23 Mar Networks bearing up to demand in COVID-19 era, finds Nokia research | Light Reading
COVID-19 is proving to be a particularly effective test of networks worldwide. Early research by Nokia’s Deepfield network intelligence, analytics and DDoS security unit indicates they are coping pretty well at a time when record peaks in network traffic are occurring on a daily basis.
The Finnish vendor analyzed data from several networks in western Europe starting from the week of March 9, 2020, when a number of countries imposed strict lockdown measures. It comes as little surprise that use of messaging applications and streaming services has increased exponentially in the past two weeks. Indeed, the rates of growth are eye-wateringly high in some cases.
WhatsApp traffic on what Nokia terms “Day 1” and “Sunday 1” (the Sunday of the first weekend) of the lockdown fully demonstrates the impact of confinement measures. On “Sunday 1,” WhatsApp traffic increased by a whopping 500% compared to the previous week.
Netflix is also proving to be a welcome distraction from lockdown woes, and it seems that people are binge-watching TV series even earlier than usual. The overall increase of traffic during the day ranged from 97% in the morning to 2742% in the early afternoon. However, volumes rose between 54% and 75% (in terms of peak viewing hours) compared with the previous weekend.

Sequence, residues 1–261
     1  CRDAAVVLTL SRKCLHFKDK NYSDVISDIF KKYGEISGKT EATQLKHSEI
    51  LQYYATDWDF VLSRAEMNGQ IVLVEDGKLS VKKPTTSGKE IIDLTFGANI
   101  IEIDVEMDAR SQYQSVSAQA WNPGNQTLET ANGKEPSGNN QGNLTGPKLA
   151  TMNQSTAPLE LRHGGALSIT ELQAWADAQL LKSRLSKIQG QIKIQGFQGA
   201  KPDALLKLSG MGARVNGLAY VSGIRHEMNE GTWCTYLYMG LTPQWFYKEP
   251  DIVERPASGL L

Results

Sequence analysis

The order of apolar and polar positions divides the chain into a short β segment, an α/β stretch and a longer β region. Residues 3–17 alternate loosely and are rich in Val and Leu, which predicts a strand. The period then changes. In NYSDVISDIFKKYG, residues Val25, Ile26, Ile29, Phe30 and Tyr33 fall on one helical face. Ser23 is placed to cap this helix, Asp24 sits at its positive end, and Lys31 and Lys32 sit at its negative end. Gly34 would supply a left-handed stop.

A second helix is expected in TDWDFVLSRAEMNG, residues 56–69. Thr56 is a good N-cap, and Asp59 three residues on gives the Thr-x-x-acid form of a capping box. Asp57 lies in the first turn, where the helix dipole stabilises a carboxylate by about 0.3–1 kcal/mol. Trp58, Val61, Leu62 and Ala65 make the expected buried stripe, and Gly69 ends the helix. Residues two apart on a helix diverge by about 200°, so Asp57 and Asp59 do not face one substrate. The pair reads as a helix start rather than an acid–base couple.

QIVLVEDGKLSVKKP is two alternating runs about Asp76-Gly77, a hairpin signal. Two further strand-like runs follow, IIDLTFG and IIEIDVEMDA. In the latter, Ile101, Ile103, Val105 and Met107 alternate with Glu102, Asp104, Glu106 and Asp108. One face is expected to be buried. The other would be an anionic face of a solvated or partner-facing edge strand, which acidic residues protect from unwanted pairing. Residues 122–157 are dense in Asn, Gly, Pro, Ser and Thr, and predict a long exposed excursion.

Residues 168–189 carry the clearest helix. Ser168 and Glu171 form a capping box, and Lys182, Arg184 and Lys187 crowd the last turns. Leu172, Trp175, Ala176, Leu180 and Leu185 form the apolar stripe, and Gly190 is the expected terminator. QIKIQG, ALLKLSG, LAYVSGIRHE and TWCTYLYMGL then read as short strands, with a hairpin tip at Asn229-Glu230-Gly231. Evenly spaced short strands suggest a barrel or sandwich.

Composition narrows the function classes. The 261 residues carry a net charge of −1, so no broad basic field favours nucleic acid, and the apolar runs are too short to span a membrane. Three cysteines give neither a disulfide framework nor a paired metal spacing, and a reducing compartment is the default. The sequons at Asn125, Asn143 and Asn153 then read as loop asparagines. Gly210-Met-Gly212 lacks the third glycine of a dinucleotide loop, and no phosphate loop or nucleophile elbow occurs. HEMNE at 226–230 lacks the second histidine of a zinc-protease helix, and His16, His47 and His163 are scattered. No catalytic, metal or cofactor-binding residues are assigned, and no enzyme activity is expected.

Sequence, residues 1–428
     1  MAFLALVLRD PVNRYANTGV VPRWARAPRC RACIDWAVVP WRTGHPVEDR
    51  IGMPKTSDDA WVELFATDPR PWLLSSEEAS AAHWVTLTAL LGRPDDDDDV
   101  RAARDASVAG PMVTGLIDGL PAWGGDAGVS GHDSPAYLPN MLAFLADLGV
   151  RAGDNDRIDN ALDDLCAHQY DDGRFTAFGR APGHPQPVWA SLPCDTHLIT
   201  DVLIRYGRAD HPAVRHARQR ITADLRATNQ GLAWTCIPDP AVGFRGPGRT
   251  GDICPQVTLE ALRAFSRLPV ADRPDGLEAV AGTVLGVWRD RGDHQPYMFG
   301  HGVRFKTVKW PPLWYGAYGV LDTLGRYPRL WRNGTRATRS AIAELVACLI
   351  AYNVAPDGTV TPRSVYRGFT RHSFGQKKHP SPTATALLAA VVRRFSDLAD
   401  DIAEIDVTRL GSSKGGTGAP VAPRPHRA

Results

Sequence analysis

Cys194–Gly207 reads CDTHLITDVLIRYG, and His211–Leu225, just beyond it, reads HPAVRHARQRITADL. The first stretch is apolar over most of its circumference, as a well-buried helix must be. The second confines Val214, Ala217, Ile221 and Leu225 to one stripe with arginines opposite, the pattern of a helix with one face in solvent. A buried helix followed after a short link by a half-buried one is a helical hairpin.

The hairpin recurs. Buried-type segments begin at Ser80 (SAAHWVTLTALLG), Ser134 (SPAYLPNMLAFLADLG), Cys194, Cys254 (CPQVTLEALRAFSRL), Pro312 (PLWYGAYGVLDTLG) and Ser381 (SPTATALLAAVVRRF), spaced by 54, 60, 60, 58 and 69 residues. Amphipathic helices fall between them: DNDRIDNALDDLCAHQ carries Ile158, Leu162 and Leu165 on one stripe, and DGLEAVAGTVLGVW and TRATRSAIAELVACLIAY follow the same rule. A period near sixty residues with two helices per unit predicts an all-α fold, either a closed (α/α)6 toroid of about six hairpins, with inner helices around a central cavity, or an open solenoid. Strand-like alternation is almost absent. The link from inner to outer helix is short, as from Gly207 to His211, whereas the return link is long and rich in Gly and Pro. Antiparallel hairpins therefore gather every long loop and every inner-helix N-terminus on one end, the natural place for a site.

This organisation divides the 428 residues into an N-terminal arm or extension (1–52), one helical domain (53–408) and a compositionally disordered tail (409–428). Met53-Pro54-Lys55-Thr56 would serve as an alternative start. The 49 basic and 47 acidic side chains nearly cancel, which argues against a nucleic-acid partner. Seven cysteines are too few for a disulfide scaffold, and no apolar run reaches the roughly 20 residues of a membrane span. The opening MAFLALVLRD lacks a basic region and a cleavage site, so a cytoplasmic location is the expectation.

Overall traffic on Day 1 increased between 30% (5 p.m.) and 80% (9 a.m.), with boosts between 50% and 70% for most of the day. Weekend 1 Sunday traffic rose between 34% and 97% during the day.
Craig Labovitz, chief technology officer for Nokia Deepfield, said the good news is that networks “were able to absorb this peak without degrading the quality of service. The bad news is that this may be a new trend. The future will tell.”
Indeed, networks may be performing well for now, but some operators could yet become a victim of this rapidly spreading virus. As Nokia pointed out, networks “were designed to grow that much in a year, not in days.” (See Broadband is not immune to COVID-19.)
For more on this topic, see:
Anne Morris, contributing editor, special to Light Reading